In the early morning hours of December 5, 1928, patrolman Frank Osowski, was walking his beat in downtown Cleveland, when he noticed a car pulling up in front of the Statler Hotel on Euclid Avenue. A group of men emerged that caught the officer’s eye. As he told a reporter from the Cleveland Plain Dealer, “Well, it was this way. A car all covered in dust, drew up in front of the hotel. It was about sunrise. I didn’t pay much attention to them at first. Lots of people come to hotels in the morning. But these boys looked tough, as you might say. There were eleven of them.”
Osowski followed them into the hotel and after they checked in, he jotted down their names and returned to the station to give them to the detective bureau, before his shift ended. One of the detectives, Emmet Potts, recognized some of the names as gangland figures. He had also just received a telegram form Chicago stating that some of Al Capone’s men were traveling to Cleveland for a meeting. With reinforcements Potts went to the hotel and quietly rounded up 21 men in total.
At the station the men were booked and photographed. The newspapers were already on the scene calling it a meeting of suspected bootleggers and gunmen. Some powerful names were in the crowd, from New York mob powers Joe Profaci and Vincent Mangano, to Capone men Joseph Giunta and Pasquale Lolordo.
The real reason for the Statler Hotel meeting is not fully known. David Critchley, in his essential The Origin of Organized Crime in America, presents the most logical theory, that the meeting was held to discuss the killing of Brooklyn mob boss Salvatore D’Aquila and additional assassinations in Chicago. But authorities were unable to directly tie the Statler guests to any specific crime. On December 15th, ten days after their arrest, the men were released after pleading guilty as ‘suspicious persons’.
Two of the men arrested were not on the Cleveland PD’s radar at the time. They were Tampa residents Ignazio Italiano and Joe Vaglica. Italiano was the boss of the Tampa Mafia at the time of the meeting. Vaglica’s exact position in the Mafia was unknown, though his appearance with Italiano at the Statler meeting suggests he was at least a trusted capo if not a major power in his own right. In a 1963 FBI report, Vaglica was described by an informant as “definitely a member years ago of the Italian group referred to as the Mafia”, and that “Vaglica had been dealing in narcotics and diamonds.”
Joe (Giuseppe) Vaglica was born in 1894 in Italy. He arrived in Ellis Island on January 24, 1895, at 11 months old. He traveled across with his 15 year old sister and 7 year old brother, and their mother, Maria. The family sailed out of Naples on the SS Kronprinz Friedrich Wilhem.
Vaglica had spent some time in Chicago before relocating to Tampa in the 1920s. In the 1930 census Joe listed his occupation as cigar maker. By 1937, Joe was running the White Spot Barbeque, an eatery and dance hall on Nebraska Avenue in Tampa, just south of the intersection of Nebraska and Broad St.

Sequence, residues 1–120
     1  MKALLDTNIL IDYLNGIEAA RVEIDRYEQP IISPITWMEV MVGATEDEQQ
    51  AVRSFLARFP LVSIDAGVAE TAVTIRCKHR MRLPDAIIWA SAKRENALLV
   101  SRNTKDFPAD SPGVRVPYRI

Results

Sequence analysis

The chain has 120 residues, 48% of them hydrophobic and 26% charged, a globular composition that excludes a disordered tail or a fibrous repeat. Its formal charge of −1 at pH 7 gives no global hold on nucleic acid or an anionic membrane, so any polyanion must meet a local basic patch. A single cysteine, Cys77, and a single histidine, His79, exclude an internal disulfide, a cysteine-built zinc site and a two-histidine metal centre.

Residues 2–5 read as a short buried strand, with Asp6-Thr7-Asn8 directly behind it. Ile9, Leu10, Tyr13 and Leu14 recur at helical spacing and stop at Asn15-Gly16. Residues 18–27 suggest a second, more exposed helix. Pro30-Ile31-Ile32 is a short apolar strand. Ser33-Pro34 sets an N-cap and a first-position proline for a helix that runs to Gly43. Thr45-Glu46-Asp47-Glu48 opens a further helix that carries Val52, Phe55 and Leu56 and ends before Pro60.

Just after 3:00AM, on the morning of July 11, 1937, Joe Vaglica was sitting at the outside counter of the White Spot eating a plate of French fries. He was chatting with the waitress, Ethel Hamilton. “I was leaning on the counter talking to Mr. Vaglica and when I reached over his shoulder to take a potato, I heard a car stop across the street.”
The car was a black 1937 two-door Ford, slowly cruising past the front of the White Spot. The vehicle stopped directly across from the counter. The back passenger window lowered and four .20 gauge shotgun blasts ripped through the front of the restaurant and the back of Vaglica. Ethel saw the shots and watched the car speed away, east down Broad St. She later told investigators that there were three men in the backseat. The witnesses were only able to give a description of the car and a vague description of the driver, described as ‘stout’.
After the shots rang out, Ethel and two other customers in the restaurant ran over to Joe, but it was too late. He had been hit with ten slugs and died instantly. Ethel described the event to a reported from the Tampa Morning Tribune.
“There were four shots, fast, one right after another and they were fired out the back window of the car. I was in three feet of Mr. Vaglica when he was hit. He was dead before he hit the ground.”
Police questioned all the witnesses, except for one waitress, Alice Haneleaf. The 20-year old fled the scene before police had a chance to take her statement. They caught up with her a few days later and held her at the station, thinking she may have been involved in some capacity. However, after questioning her for a few hours, she was released.
Vaglica’s death was the third unsolved gangland homicide within a year, preceded by the deaths of Gus Perez, Frank Carrao, and Charlie Walls’ chief lieutenant Eddie Virella. Police chalked Vaglica’s death as the latest in the gangland war that was rocking Tampa. That war was being fought between the upstart Sicilian Mafia and Charlie Wall and his loyalists.
With Vaglica’s stature in the Mafia, his killing was a major notch in the belt of the Wall faction. But it was not the end to the killing. And though Wall’s group seemed to take the upper hand with the death of Vaglica, the streets of Tampa would run red with gangster blood for years to come.